Not all insurance companies that sell Medigap plans offer the same selection of policies, however. Insurance companies that sell Medigap policies must offer Plans A, C and F, but other plan type offerings are optional.
How Do I Enroll in a Maryland Medigap Plan?
Medicare supplement insurance is only available to Original Medicare beneficiaries aged 65 and older. So, if you’re about to turn 65 and are enrolling in Medicare Part B, it may be time to consider a Medigap plan.
When Is the Best Time to Enroll?
If you’re planning on purchasing a Medigap policy, the ideal time to do so is during your Medigap open enrollment period.
Your Medigap open enrollment period starts once you are at least 65 years old and are enrolled in Medicare Part B. Your Medigap open enrollment period lasts for six months. This time period is typically the best time to enroll, particularly for beneficiaries who have health concerns, because you can’t be denied coverage. During open enrollment, insurance companies that sell Medigap policies are legally required to sell you a plan, regardless of your health, at the price a person in good health would pay.
If you’ve hit 65 but still receive medical benefits through your employer or union, you have the option of delaying your Medicare Part B enrollment until after your current coverage ends. In this case, your six-month Medigap enrollment period begins once you enroll in Original Medicare.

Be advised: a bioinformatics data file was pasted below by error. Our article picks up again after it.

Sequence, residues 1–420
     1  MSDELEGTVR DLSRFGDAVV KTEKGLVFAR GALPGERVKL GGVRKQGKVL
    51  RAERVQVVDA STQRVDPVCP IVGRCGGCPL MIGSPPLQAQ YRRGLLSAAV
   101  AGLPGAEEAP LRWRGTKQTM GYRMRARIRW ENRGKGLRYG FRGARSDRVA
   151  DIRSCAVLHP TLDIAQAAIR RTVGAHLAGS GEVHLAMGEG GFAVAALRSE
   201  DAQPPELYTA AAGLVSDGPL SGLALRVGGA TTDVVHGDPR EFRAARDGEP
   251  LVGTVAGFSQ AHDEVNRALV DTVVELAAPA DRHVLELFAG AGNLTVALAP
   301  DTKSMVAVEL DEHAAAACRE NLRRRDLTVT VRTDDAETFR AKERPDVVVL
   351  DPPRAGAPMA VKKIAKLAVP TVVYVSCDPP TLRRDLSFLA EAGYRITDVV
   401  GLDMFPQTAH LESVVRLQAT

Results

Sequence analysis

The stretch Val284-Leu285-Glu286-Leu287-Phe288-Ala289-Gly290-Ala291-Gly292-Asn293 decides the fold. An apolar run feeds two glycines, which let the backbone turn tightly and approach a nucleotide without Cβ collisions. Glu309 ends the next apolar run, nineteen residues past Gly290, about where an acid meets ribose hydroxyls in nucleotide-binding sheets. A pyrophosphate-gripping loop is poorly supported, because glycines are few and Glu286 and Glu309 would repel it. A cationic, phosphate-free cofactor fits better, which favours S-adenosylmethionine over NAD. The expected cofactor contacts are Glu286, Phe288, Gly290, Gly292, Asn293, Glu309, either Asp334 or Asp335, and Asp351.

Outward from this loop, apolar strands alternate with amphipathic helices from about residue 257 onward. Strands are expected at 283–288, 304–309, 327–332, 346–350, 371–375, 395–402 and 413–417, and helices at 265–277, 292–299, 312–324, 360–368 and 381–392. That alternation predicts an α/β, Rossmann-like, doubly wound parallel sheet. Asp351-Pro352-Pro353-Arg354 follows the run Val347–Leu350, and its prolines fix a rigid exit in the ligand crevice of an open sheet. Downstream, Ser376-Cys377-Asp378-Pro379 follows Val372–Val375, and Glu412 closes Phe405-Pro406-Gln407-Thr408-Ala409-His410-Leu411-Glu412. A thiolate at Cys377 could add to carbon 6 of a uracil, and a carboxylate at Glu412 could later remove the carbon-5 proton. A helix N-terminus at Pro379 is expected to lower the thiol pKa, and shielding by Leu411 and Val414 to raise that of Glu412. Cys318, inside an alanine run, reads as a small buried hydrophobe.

If you miss your Medigap enrollment period or apply for a play during any other time when you don't have guaranteed issue rights, you may have to go through an insurer’s medical underwriting process, which can result in higher premiums if you’re found to be a high risk. For seniors in poor health, this can potentially result in your application for coverage being denied.
What Are Guaranteed Issue Rights?
In certain circumstances, beneficiaries who didn’t enroll in a Medigap policy during the open enrollment period may still sign up for a plan without going through a medical underwriting process. Known as guaranteed issue rights, these federal protections may be invoked in certain situations, including the following common scenarios:
- A Medicare Advantage participant lost coverage because the plan was discontinued or no longer offered coverage in their region, and they reverted to Original Medicare.
- A Medicare Advantage participant moved to an area that their plan doesn’t cover and reverted to an Original Medicare plan.
- A Medicare enrollee exercised a trial right to a Medicare Advantage plan and opted to switch back to Part B within the year.
- A Medigap policyholder lost their supplemental insurance through no fault of their own and now wants to purchase a new policy.
- A Medigap policyholder terminated their coverage because the company had misleading policies or refused to follow federal guidelines, and they now wish to purchase a new plan.
- A Medicare-eligible senior lost employer- or union-sponsored coverage that they used to supplement Original Medicare, and they want to replace it with a Medigap plan.
If you think you’re entitled to enroll in a plan under one of these guaranteed issue right protections, let your chosen Medigap provider know right away. Your eligibility to enroll in a Medigap plan may begin as early as 60 days prior to when you’ll lose your current coverage, and it generally continues for 63 days afterward.
AHIP. (Mar. 2022). The State of Medicare Supplement Coverage: Trends in Enrollment and Demographics. https://ahiporg-production.s3.amazonaws.com/documents/202202-AHIP_MedicareSuppCvg-02_v03.pdf.